Generally speaking, the moderator will ask as few direct questions as possible. This will leave room for the participants to express themselves. The recommended questions are those which do not await a right or wrong answer. For example:

  • What are you thinking about right now?
  • You seem surprised / confused / frustrated. What's happening?
  • Is there anything here that is different from what you expected?
  • Do you believe that this piece of information should be provided?
  • Is this close to what you were expecting?

It is important to treat each participant as individuals and to interact with them without taking previous exchanges into account.

In order to bring out as much information as possible from the participants, several techniques can be used:

Thinking aloud


This method's objective is to bring out the issues that participants face through their commentary. This verbal protocol allows them to think out loud and to better understand their feelings during the test.

It is also important that the participants verbally convey their emotions for the purpose of later reviewing the test's video recordings.


This technique allows you to record the participants' emotions and their journey without having to ask them questions.

Throughout the test, the participant provides clues as to what the sources of the issues are and what can be done to troubleshoot those issues.

The participants are usually more focused when describing their actions and experience out loud.


Certain participants might struggle to follow this method.

On the one hand, the “Thinking Aloud” process can slow down the test and add further strain on the participant's cognitive load. But on the other hand it greatly improves the quality of the obtained results.

How to improve this experience:

By experiencing it yourself: the creator/designer takes the time to think out loud when testing his or her own product.

The moderator can ensure that the participant feels heard by nodding or expressing approval at the user's remarks. This is a very effective way to encourage the participant.

By paying attention to and respecting the participant's pauses and silences: they generally signal that the user is focusing on overcoming an obstacle. This allows you to identify a friction point and to observe how this obstacle can be overcome.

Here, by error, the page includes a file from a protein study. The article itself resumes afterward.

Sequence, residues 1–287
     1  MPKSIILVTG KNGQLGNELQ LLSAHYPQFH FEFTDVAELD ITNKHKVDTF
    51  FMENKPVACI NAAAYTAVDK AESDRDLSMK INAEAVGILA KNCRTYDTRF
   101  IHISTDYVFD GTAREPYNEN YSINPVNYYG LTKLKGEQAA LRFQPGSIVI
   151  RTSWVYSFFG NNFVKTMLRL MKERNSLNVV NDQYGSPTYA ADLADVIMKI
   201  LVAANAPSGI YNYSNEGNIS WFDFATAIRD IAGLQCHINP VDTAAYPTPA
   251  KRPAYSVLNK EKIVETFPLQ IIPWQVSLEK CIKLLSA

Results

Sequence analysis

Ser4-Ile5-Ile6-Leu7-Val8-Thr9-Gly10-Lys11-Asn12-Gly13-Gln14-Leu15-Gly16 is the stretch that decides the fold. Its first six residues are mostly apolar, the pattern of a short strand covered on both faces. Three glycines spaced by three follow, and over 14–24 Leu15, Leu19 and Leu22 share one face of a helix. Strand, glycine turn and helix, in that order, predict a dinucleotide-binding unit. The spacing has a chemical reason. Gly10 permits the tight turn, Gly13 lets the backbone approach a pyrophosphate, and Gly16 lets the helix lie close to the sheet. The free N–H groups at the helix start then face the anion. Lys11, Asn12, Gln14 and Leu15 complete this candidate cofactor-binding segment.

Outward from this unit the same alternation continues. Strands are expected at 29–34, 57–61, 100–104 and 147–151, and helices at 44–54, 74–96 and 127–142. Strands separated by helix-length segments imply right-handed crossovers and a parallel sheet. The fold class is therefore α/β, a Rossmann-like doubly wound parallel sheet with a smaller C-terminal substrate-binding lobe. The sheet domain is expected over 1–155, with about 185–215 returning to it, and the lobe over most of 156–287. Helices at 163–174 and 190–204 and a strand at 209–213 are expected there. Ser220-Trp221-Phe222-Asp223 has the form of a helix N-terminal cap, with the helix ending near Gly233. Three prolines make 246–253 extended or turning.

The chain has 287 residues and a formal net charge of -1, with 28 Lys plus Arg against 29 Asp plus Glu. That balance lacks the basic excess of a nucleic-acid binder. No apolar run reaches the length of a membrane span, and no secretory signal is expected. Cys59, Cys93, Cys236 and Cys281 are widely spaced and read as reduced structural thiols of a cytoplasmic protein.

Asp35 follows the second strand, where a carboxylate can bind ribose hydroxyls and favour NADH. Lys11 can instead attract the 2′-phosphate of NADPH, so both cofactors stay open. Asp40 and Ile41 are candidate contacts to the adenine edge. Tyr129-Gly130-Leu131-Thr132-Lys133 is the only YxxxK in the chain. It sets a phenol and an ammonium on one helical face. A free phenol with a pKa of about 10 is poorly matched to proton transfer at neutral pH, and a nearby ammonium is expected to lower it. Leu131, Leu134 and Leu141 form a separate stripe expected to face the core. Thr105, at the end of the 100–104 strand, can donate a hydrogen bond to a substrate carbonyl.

The five “Why”


Thanks to this easy-to-use method, it is possible to go all the way up to the source of each of the issues that the participant encountered. It allows you to identify the cause not through supposition but by having the user describe the issue he or she is facing. It is applied by asking the participant a set of questions, each reprising the problem raised in the previous question. By doing this, you can get to the heart of the problem and find its source:

Why can't you log on? I can't find the login button.

Why can't you find this button? I'm looking for it at the top of the page but there isn't any interaction available.

Why are you looking at the top of the page? This is where I usually find the login button or the access to my account.

By using a few quick questions you have been able to grasp what the issue was and find a suitable solution which could fit your product.


  • It is easy to put in place.
  • It allows you to go to the heart of the problem;
  • It allows you to find solutions quickly;


  • The participants can answer the same question in many different ways.
  • It is necessary to take some time to condition the participant before asking the set of questions.
  • It cannot be used too often as it could become frustrating for the participant.

Finally, it is essential to remember that the moderator should only help the participant as a last resort. This aspect is detrimental to the identification of usability issues on a platform. This is a tricky exercise because providing help to someone who is struggling is instinctive. The appropriate alternative is to encourage the participants to voice their impressions.

The times when the user faces difficulties will be the foundation which will allow you to formulate future improvement hypotheses. There is nothing more convincing to a sceptical designer or lead product manager than seeing a video recording of a user who is not able to carry out a task on their platform.